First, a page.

Swoboda chuckled, and then he added, "You know what? During that time, when it seemed as if anything was possible, probably the longest shot was the Mets winning the World Series, so we did that."
Yes, the Mets did. With Swoboda making one of the catches of the ages during that 1969 World Series, the Mets rose out of nowhere to crush the Orioles of the two Robinsons (Brooks and Frank), Jim Palmer and Earl Weaver with four straight victories after losing Game 1. Before that, the Mets swept the powerful Braves out of the National League Championship Series.
There was no Wild Card Game or League Division Series back then. Otherwise, the Mets would have dominated them, too. Just like these Royals, who are the 21st century version of those Mets.
Swoboda sees the comparison. While spending the last few years working in various capacities for the New Orleans Zephyrs (the Triple-A team for the Marlins), he watched many of the current Royals come to Bayou country as members of Kansas City's Triple-A team in Omaha.
"It was real obvious they were packing the organization with quality young players, so this is not an accident," Swoboda said. "Most of those guys were homegrown, and for the most part, the Mets were homegrown."
Actually, when it comes to comparing those Mets to these Royals, there is something more striking.
"They have that whiff of destiny about them," Swoboda said, of a Kansas City bunch in the midst of a Major League-record winning streak of eight games to start a postseason after surviving the A's in the AL Wild Game before sweeping the Angels in the ALDS and the Orioles in the ALCS.
The Royals will open the World Series Tuesday night at home against the Giants, and consider this: As the NL's Wild Card team, the Giants also have done wondrous things. Not as many as the Royals, though. This is a Kansas City team that trailed the A's by four runs at home in the eighth inning of the AL Wild Card Game before recovering to win in the 12th.
In fact, the Royals have won four times in extra innings during this postseason. They've also taken the lead three times after the ninth with home runs despite finishing the regular season last in the Major Leagues in homers.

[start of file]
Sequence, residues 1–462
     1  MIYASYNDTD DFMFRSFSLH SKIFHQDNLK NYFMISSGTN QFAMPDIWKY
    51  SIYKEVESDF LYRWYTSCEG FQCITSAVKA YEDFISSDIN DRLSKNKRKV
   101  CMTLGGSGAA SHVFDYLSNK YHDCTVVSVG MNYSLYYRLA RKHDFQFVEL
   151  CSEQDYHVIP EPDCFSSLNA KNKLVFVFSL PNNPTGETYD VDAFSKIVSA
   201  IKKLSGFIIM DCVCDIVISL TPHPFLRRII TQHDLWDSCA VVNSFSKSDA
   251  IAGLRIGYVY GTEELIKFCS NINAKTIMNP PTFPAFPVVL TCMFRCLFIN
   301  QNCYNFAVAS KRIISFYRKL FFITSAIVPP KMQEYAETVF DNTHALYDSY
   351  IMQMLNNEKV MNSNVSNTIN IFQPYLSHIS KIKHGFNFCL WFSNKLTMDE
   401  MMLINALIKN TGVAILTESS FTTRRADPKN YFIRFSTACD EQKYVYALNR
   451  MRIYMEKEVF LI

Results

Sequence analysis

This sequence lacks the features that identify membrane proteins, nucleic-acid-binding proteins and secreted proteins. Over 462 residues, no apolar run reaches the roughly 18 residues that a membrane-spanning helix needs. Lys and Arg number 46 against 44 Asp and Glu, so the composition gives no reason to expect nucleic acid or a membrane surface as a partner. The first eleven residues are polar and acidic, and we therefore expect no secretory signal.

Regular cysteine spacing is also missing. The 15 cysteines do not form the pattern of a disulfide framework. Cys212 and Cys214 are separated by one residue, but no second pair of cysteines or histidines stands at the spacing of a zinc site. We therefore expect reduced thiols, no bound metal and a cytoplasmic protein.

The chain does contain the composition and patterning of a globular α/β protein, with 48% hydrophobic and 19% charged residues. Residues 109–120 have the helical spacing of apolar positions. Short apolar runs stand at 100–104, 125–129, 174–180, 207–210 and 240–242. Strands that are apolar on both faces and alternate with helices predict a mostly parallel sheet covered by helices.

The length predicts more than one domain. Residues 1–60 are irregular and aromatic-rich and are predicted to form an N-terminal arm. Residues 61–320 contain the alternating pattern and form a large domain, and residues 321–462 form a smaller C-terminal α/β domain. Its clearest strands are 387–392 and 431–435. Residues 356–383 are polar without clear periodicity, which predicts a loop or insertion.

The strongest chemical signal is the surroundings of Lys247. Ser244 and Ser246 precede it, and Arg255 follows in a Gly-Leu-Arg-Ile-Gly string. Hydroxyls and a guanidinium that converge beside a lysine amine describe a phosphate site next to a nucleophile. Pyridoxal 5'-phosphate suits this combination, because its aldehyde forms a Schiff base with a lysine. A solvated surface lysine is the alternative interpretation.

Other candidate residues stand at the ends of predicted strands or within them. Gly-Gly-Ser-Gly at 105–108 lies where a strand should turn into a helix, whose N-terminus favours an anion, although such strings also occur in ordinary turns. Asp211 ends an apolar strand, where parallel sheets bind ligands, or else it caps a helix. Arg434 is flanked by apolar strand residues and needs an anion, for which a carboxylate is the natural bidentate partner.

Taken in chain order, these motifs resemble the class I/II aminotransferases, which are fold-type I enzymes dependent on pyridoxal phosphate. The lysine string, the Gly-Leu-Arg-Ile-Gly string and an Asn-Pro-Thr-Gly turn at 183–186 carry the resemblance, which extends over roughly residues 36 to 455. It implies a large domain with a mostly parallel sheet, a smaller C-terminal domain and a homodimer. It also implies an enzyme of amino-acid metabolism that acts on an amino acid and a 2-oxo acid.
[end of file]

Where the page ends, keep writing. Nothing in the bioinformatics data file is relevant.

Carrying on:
Mostly, the Royals have prospered in October with stifling pitching and a slew of improbable defensive plays, especially from outfielders.
Like the '69 Mets.
"Cleon Jones was a solid left fielder, and Tommie Agee could go get them in center field," Swoboda said. "You saw it in the World Series. Tommie made two great plays. One running from right-center to left-center and one running from left-center to right-center. He made those catches with five guys on base total. So those runs all score if he doesn't make those plays."
Yeah, but "The Play" of that World Series belonged to Swoboda in right field. With the Orioles threatening to rally in the ninth of Game 4, Brooks Robinson ripped a shot toward the right-center-field alley. Swoboda dove and snatched the ball centimeters from the top of the grass.
"I broke on a line drive, and 99 percent of the way there, I thought that ball beat me," Swoboda said. "It was only the last one percent when it hit up into the web of my glove that I knew it was staying there. I knew I had made a [great] catch, but it takes 45 years before you find out what history really thinks about it."
History thinks a lot about it.
At this rate, history will have several catches by Kansas City outfielders during the World Series to challenge Swoboda's gem.
"Their outfield is spectacular," Swoboda said. "Alex Gordon was a guy who was failing in the infield, and then he goes to the outfield and wins [three] Gold Gloves. Jarrod Dyson is a speedster in center field, and [Lorenzo] Cain is a legitimate center fielder who goes to right field and makes really good plays. Just like our Mets team, they all go and get everything that comes their way, so their outfield is where fly balls go to die."
In contrast, the Royals' bullpen has put to death the batting averages of opponents. With Kelvin Herrera, Wade Davis and Greg Holland leading the way, Kansas City relievers have a 1.80 ERA during this postseason. If you exclude the AL Wild Card Game, that ERA drops to 0.96.
What the Royals are doing with relievers is what the '69 Mets did with a starting rotation led by future Hall of Famer Tom Seaver.
"It was a different time back then, when starters such as Seaver, [Jerry] Koosman and [Gary] Gentry were out to finish games," Swoboda said. "The bullpen was where you went when you had to. Now the bullpen is where you go when you hit the seventh inning, with the setup guy for the setup guy, then the setup guy and then the closer."
Whatever works. On offense, what worked for those Mets is the same thing that works for these Royals -- smart hitting.
"The Royals are contact hitters, and they are so pesky," Swoboda said. "They make you pitch to them. They make you throw strikes all the time, and they're always out there making things happen, because they know the [strike] zone, they swing at strikes. They throw so many good at-bats at you that it always feels like your pitching is working so hard."
Which is what the '69 Mets did.
Which is why Swoboda knows who will have their fingerprints on the Commissioner's Trophy at the end of this season.
Swoboda laughed, saying, "You have to pick the Royals, but I tell you what. [The Giants] will be ready for them, because what's been delightful for me to watch during these playoffs is that the intensity and the emotion have been so legitimate and absolutely authentic from all of these teams. But nobody has shown all of that more than the Kansas City Royals. That's why it's going to be hard to take destiny from them."
Not hard . . . impossible.
Well, if these Royals really are those Mets.
This story was not subject to the approval of Major League Baseball or its clubs.